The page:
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Measuring your performance and highlighting your strengths and weaknesses – are you tempted?

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No high-profile sport can escape it –statistics are king when it comes to big matches, commentators and journalists. But more than just a media plaything, statistics are also an essential means to improving an athlete’s performance.

For many years already, backed up by various big IT companies, the ATP has provided elite players with a multitude of data concerning their game. The most fervent user of all these statistics was none other than my Davis Cup team mate Fabrice Santoro (Artengo’s first technical partner) who never entered the court without having spent hours pouring over his opponents’ data. He was aware of the slightest details and learned to anticipate upcoming moves just like a chess player.

Statistics analysis in tennis has two major benefits:

1 - To become aware of your weaknesses

Knowing the detail of your shotsand comparing them with the points you loseopens your eyes to your flaws. “Knowing that 38% of my backhands were not properly timed made me review my technique”, Stéphane D, a recent Personal Coach buyer told me. “Quantifying the number of shots hit in training enabled me to set a threshold below which I will not let my students drop” adds Damien C, a qualified tennis instructor who works with us on the development of theArtengo Personal Coach. “If we don’t reach that point, then we haven’t worked hard, well or long enough so we carry on.”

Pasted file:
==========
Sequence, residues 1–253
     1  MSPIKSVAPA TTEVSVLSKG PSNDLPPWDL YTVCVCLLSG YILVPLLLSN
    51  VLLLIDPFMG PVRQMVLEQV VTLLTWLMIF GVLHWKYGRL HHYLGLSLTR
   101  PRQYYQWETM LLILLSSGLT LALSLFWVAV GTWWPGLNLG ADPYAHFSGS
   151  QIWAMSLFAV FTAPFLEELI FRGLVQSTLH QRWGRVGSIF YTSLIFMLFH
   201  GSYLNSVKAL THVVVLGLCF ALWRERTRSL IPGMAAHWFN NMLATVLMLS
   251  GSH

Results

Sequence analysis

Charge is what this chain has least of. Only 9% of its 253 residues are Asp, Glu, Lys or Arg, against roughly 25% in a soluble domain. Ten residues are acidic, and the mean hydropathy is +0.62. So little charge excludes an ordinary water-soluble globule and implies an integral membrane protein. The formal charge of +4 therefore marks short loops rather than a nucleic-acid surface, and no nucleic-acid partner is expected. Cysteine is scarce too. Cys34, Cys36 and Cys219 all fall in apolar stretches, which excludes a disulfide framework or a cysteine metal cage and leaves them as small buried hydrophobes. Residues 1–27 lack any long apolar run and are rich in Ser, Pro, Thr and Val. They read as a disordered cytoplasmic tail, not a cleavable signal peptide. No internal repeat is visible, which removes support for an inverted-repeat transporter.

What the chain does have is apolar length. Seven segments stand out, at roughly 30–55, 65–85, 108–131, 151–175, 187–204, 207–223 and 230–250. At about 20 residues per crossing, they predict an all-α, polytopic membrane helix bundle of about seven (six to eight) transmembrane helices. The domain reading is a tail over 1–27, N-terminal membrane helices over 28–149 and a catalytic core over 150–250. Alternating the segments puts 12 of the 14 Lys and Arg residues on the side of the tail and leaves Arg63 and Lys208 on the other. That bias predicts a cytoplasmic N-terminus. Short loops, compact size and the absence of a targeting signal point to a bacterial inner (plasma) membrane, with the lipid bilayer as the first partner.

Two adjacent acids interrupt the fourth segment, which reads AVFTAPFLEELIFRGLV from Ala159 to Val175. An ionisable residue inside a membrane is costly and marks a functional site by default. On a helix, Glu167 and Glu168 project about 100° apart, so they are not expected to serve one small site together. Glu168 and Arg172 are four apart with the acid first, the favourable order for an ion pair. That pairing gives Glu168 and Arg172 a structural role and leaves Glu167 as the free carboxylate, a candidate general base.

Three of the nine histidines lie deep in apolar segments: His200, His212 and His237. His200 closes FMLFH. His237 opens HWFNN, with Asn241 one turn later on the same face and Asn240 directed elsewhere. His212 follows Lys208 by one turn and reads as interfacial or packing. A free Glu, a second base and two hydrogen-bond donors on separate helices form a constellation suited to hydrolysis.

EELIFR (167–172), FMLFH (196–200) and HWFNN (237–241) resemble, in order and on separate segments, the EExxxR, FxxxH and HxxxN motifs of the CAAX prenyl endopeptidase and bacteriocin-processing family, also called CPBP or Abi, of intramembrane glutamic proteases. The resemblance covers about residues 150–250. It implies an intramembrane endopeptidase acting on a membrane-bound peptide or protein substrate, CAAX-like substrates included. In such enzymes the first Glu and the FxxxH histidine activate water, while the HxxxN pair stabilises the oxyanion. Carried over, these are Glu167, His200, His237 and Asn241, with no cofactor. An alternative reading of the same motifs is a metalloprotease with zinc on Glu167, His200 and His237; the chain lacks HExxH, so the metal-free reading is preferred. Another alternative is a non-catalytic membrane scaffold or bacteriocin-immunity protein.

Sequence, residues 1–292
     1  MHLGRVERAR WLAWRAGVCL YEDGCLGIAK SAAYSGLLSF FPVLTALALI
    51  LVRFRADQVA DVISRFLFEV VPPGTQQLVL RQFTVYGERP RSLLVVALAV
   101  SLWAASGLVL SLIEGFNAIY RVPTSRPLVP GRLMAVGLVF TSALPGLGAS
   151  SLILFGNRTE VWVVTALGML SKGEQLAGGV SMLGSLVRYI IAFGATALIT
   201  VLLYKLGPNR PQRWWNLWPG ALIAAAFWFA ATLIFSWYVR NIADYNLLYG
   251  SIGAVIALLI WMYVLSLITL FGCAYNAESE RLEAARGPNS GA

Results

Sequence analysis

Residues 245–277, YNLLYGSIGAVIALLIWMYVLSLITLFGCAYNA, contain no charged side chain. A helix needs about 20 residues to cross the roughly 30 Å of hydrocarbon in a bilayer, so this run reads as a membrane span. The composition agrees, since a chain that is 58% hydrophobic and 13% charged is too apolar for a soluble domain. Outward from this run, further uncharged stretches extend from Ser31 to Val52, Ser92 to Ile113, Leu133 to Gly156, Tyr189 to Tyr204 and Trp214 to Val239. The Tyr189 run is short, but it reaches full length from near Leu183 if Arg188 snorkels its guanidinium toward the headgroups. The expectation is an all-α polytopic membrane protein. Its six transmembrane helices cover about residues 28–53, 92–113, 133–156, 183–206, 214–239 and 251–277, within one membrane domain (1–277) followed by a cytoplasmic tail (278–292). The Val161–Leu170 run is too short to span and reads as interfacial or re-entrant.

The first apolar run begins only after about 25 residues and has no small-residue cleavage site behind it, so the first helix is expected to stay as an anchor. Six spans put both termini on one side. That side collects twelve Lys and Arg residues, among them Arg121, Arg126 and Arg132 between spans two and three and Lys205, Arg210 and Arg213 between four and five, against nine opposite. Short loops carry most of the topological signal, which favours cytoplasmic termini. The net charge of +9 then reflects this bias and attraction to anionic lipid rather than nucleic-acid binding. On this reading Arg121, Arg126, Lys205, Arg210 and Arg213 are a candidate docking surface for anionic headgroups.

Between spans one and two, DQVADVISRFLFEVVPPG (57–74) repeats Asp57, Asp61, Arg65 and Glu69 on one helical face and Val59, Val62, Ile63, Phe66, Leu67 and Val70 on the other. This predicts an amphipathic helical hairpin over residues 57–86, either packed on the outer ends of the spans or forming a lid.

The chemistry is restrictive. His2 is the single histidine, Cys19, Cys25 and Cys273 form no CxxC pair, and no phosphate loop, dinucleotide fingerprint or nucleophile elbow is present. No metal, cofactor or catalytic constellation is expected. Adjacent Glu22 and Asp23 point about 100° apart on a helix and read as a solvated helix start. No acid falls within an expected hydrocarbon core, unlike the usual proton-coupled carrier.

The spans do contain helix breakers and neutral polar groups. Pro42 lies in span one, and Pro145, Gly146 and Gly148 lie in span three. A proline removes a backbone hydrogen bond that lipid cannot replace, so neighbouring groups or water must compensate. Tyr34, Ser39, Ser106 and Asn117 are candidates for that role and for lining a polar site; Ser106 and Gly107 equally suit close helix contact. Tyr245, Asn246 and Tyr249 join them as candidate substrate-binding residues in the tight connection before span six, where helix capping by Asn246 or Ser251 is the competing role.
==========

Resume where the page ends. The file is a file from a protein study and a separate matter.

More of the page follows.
In my former life as a pro and in my current life as a coach, I could never be satisfied with subjective analysis. I need to quantify in order to correct and improve. We have the same need: to go beyond what we feeland objectively define our areas for improvement.

 

2 - Accentuate your strong points

All Tour players do it – and they’re right to. Without neglecting to improve where they are weakest, this strategy consists of strengthening a shot that is already good, which will often have a bigger impact on your opponent. Clément M, (-2/6 French ranking), a guy we often hit a few balls with in Lille, told me… “Learning that I was winning more points on my second serve than on my first led me to completely review my technique”. Now, his first serve, just like his second, has a much higher success rate. We did something similar with Estelle L, (15/4)who was winning a high percentage of points with her forehand. We encouraged her to run around her backhand whenever possibleto pressurise her opponents. Estelle knew that her forehand was good, but was unaware of what a potent weapon it could be.

Now accessible to everyone thanks to the Personal Coach, statistics are precious tools when it comes to improving your game. So, to improve your weaknesses and accentuate your strengths, I strongly encourage you to discover how rich an experience it is to objectively analyse your game.

See you soon.

Nicolas Escude, Artengo product manager, former world no. 17 on the ATP tour

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